heplots (version 1.3-8)

NeuroCog: Neurocognitive Measures in Psychiatric Groups

Description

The primary purpose of the study (Hartman, 2016, Heinrichs etal. (2015)) was to evaluate patterns and levels of performance on neurocognitive measures among individuals with schizophrenia and schizoaffective disorder using a well-validated, comprehensive neurocognitive battery specifically designed for individuals with psychosis (Heinrichs et al. (2008))

The main interest was in determining how well these measures distinguished among all groups and whether there were variables that distinguished between the schizophrenia and schizoaffective groups.

Usage

data("NeuroCog")

Arguments

Format

A data frame with 242 observations on the following 10 variables.

Dx

Diagnostic group, a factor with levels Schizophrenia Schizoaffective Control

Speed

Speed of processing domain T score, a numeric vector

Attention

Attention/Vigilance Domain T score, a numeric vector

Memory

Working memory a numeric vector

Verbal

Verbal Learning Domain T score, a numeric vector

Visual

Visual Learning Domain T score, a numeric vector

ProbSolv

Reasoning/Problem Solving Domain T score, a numeric vector

SocialCog

Social Cognition Domain T score, a numeric vector

Age

Subject age, a numeric vector

Sex

Subject gender, a factor with levels Female Male

Details

Neurocognitive function was assessed using the MATRICS Consensus Cognitive Battery (MCCB; Nuechterlein et al., 2008). The MCCB consists of 10 individually administered tests that measure cognitive performance in seven domains: speed of processing, attention/vigilance, working memory, verbal learning, visual learning, reasoning and problem solving, and social cognition.

The clinical sample comprised 116 male and female patients who met the following criteria: 1) a diagnosis of schizophrenia (n = 70) or schizoaffective disorder (n = 46) confirmed by the Structured Clinical Interview for DSM-IV-TR Axis I Disorders; 2) outpatient status; 3) a history free of developmental or learning disability; 4) age 18-65; 5) a history free of neurological or endocrine disorder; and 6) no concurrent DSM-IV-TR diagnosis of substance use disorder.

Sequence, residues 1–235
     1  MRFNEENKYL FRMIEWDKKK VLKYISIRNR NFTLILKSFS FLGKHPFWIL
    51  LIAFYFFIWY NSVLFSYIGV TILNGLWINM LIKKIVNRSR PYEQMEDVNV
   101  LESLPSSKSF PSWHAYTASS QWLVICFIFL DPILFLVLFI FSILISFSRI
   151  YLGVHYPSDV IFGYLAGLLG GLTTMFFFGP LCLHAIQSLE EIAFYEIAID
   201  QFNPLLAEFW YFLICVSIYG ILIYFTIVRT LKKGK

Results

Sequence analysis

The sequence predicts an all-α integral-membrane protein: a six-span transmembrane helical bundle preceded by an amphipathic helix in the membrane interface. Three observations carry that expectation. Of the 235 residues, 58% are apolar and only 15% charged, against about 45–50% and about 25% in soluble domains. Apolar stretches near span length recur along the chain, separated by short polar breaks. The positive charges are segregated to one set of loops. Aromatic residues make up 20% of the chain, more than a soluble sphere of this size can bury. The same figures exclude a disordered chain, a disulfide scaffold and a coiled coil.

Non-psychiatric control participants (n = 146) were screened for medical and psychiatric illness and history of substance abuse. Patients were recruited from three outpatient clinics in Hamilton, Ontario, Canada. Control participants were recruited through local newspaper and online classified advertisements for paid research participation.

References

Heinrichs, R. W., Ammari, N., McDermid Vaz, S. & Miles, A. (2008). Are schizophrenia and schizoaffective disorder neuropsychologically distinguishable? Schizophrenia Research, 99, 149-154.

Nuechterlein K.H., Green M.F., Kern R.S., Baade L.E., Barch D., Cohen J., Essock S., Fenton W.S., Frese F.J., Gold J.M., Goldberg T., Heaton R., Keefe R.S.E., Kraemer H., Mesholam-Gately R., Seidman L.J., Stover E., Weinberger D.R., Young A.S., Zalcman S., Marder S.R. (2008) The MATRICS Consensus Cognitive Battery, Part 1: Test selection, reliability, and validity. American Journal of Psychiatry, 165 (2), 203-213. https://pubmed.ncbi.nlm.nih.gov/18172019/.

Examples

# NOT RUN {
data(NeuroCog)
NC.mlm <- lm(cbind( Speed, Attention, Memory, Verbal, Visual, ProbSolv) ~ Dx,
               data=NeuroCog)
Anova(NC.mlm)

# test contrasts
contrasts(NeuroCog$Dx)
print(linearHypothesis(NC.mlm, "Dx1"), SSP=FALSE)
print(linearHypothesis(NC.mlm, "Dx2"), SSP=FALSE)

# pairwise HE plots
pairs(NC.mlm, var.cex=1.5)

# canonical discriminant analysis
if (require(candisc)) {
  NC.can <- candisc(NC.mlm)
  NC.can
  
  plot(NC.can, ellipse=TRUE, rev.axes=c(TRUE,FALSE), pch=c(7,9,10))
}

# }